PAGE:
Seventy times Seven
Our granddaughter, Gabrielle and her boyfriend, Weston spent four days with us this week. What a delight. We cherish the time we spent together. This picture was taken at Natural Bridges in Santa Cruz.
We learned to know Gabrielle again after not seeing her for a few years. Learned to love Weston. The four of us laughed and talked as we prepared three appetizers for a larger get-together, each one doing his or her part in seamless completion of a task that would have taken me several hours longer on my own. We went to the beach (one day, fog; the next sunshine), enjoyed a few magic tricks, talked through some issues, shared our faith journeys with them. These are precious memories we carry forward.
I could go on writing about the ways God answered prayer this week, about times of laughter, but life isn’t one-sided. It is filled with joy and with sorrow, as most of us have learned by now.
I felt the barbs this week … again. You’d think after years of passive hostility I’d be used to it. We don’t see each other often but when we do it’s like I don’t exist. She moves away as soon as I enter the space where she is.
“I want to hate her,” I told Don, “but I can’t. That would not be Christlike.” (And that’s a choice, not a feeling.) And I don’t. But how do you or I respond when a hurt feels repeated deliberately, year after year. Somehow I don’t think I’m alone in this.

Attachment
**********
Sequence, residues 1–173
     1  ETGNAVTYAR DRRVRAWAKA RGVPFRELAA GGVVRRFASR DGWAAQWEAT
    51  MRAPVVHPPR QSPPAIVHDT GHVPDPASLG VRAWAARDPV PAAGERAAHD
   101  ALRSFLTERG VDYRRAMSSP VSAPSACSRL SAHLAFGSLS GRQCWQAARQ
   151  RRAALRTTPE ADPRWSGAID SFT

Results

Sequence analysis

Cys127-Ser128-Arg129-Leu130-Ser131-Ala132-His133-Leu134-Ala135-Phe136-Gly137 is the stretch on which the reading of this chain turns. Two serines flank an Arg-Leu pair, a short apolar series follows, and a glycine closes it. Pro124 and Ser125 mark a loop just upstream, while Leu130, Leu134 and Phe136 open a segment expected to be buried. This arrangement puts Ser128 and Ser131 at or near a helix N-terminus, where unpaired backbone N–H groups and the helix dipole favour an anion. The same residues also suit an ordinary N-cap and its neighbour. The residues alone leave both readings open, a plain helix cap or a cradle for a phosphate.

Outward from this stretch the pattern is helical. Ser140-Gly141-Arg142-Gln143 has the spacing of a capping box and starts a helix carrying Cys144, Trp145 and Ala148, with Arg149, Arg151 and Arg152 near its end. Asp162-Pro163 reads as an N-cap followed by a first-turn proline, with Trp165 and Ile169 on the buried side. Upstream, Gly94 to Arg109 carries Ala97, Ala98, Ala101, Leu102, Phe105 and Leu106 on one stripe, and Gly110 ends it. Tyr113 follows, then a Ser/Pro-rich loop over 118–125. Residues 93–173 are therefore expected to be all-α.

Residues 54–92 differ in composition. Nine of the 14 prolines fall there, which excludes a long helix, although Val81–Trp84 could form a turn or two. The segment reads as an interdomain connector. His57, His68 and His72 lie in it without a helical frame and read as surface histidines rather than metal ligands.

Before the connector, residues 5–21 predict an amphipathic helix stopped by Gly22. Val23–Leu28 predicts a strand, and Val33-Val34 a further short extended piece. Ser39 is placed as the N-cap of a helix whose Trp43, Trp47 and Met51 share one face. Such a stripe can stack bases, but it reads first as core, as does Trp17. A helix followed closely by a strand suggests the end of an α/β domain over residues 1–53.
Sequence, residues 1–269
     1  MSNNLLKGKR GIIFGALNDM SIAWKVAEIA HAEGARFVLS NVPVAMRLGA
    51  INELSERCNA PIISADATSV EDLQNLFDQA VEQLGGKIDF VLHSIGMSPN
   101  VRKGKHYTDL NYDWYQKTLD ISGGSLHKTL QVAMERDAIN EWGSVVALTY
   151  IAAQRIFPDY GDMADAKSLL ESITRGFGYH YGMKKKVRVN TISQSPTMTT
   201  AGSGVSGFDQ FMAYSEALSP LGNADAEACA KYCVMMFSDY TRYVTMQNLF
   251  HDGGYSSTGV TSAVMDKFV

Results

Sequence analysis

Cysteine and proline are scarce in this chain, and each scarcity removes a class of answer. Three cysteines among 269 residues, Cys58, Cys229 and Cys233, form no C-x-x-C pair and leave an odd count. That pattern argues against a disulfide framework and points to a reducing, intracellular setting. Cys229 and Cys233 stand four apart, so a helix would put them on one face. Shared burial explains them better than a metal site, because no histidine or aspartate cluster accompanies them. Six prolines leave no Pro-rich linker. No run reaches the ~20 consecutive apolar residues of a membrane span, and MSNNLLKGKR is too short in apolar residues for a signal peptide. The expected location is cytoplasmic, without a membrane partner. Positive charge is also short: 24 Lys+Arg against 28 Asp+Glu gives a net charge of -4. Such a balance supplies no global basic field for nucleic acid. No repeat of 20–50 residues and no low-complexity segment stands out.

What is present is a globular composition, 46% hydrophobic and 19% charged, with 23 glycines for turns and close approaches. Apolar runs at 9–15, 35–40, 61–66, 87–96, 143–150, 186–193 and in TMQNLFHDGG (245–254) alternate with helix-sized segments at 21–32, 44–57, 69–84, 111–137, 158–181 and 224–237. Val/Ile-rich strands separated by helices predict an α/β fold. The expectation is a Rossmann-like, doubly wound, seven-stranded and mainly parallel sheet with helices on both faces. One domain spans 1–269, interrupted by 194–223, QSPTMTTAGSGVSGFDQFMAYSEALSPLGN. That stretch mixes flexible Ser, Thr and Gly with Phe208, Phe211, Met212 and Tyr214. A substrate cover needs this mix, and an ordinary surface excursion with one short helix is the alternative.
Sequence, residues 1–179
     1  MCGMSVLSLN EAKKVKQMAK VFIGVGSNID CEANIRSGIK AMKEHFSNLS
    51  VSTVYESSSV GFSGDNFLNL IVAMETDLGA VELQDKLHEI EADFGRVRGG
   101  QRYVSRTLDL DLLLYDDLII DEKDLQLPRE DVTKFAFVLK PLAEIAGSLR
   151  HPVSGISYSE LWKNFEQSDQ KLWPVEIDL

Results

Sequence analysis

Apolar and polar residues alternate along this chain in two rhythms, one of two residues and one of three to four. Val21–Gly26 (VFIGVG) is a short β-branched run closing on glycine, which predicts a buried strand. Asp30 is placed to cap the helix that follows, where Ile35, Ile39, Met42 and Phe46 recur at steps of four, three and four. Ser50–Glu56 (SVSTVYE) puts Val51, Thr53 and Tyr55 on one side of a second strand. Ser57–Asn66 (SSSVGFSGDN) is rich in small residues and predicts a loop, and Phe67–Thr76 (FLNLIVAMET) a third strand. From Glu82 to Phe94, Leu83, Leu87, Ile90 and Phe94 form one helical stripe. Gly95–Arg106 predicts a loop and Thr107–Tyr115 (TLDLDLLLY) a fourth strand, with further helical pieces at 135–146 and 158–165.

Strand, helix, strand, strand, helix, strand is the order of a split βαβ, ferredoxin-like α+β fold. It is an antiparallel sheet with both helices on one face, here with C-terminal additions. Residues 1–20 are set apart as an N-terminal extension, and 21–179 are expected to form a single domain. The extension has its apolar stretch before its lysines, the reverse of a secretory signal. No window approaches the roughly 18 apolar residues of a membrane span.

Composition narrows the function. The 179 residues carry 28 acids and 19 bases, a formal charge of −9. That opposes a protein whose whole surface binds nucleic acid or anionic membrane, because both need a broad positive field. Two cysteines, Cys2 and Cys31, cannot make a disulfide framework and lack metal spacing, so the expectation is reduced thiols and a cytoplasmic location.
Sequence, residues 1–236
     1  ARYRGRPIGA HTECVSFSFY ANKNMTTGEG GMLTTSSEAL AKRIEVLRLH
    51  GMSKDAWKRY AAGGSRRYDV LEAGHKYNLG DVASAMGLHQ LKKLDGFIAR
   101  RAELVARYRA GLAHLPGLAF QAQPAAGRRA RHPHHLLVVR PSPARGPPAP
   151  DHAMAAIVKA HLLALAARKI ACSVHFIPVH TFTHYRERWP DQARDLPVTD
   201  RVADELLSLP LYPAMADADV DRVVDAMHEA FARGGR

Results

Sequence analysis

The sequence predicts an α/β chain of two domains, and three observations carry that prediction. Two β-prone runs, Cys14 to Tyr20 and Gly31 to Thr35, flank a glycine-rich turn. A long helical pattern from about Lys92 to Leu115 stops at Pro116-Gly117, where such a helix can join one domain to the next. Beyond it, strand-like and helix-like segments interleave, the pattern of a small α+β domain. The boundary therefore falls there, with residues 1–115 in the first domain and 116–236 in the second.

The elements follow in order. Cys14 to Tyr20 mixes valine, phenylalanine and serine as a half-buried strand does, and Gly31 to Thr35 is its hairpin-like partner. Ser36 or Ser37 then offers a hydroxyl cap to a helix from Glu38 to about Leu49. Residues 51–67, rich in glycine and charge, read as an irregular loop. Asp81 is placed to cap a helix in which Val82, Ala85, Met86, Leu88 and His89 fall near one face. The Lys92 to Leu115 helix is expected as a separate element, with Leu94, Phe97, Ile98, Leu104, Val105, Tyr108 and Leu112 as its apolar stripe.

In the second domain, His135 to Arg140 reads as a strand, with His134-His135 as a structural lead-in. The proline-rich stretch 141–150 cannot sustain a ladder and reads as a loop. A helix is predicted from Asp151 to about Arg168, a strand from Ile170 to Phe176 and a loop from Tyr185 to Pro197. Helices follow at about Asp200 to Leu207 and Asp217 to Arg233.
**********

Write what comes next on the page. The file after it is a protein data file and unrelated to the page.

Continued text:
Jesus tells us to forgive seventy times seven. But forgiveness isn’t easy, and it doesn’t come cheap. It costs the forgiver, requiring letting go of the right to hurt back, releasing the sense of self-righteousness that can come with unwarranted animosity.
Forgiveness doesn’t necessarily happen immediately. It may take a period of time, of praying and talking and working through the issue with God’s help. Forgiveness is also a choice, not a feeling. And the choice may need to be repeated until it becomes reality. For me, the process starts with the God who tells me to:
Work at living in peace with everyone, and work at living a holy life, for those who are not holy will not see the Lord. Look after each other so that none of you fails to receive the grace of God. Watch out that no poisonous root of bitterness grows up to trouble you, corrupting many.Hebrews 12:14-15 NLT
Bitterness hurts me more than it does anyone else. It blocks the free-flowing channel of communication between God and me. And then it transmits to others around us, just as these roots are spreading out beyond the base of the tree.
I think of the man I read about whose wife was murdered in cold blood. He was later able to forgive the murderer, and even to share God’s love with him. That is possible only by the power of God!
And I know my Father wants me to let this go–again. He has forgiven me for the times I’ve walked my own way. We’re told to confess our sins and be healed, so I requested prayer after church this morning. My sin was holding onto the hurt and, in the process, hurting my beloved husband. I’m still working through this one, but by God’s grace it is coming. And I realize I may have misread some of her actions this week. I hope so.
Who’s a difficult person in your life and how do you deal with him or her?
So … a week with precious memories and some hurt. Which will I allow to rule my thoughts and life? Hmmm … Amazingly, while on the Cross, Jesus prayed for his persecutors. “Father, forgive them, for they know not what they do.” (Luke 23:34 NLT) I know what choice he wants me to make. And after almost a week of struggle, I choose to obey.